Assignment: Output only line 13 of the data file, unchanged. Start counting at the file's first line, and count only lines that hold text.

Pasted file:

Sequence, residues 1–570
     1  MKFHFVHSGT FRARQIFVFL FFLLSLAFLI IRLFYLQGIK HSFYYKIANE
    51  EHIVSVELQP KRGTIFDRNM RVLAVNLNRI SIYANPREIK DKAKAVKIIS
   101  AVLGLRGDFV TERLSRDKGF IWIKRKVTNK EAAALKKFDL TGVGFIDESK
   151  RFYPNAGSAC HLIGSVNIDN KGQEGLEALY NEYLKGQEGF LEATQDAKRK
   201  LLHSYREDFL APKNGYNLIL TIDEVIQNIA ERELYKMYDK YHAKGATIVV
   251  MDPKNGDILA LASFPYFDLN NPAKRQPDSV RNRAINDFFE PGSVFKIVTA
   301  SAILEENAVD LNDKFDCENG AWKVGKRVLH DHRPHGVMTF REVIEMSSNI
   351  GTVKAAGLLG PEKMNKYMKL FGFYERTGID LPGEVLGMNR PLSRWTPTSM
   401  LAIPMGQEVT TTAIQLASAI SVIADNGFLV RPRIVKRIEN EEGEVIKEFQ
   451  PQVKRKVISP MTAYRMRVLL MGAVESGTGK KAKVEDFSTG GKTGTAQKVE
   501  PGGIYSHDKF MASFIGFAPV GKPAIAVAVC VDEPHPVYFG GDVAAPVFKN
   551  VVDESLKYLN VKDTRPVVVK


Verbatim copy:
   551  VVDESLKYLN VKDTRPVVVK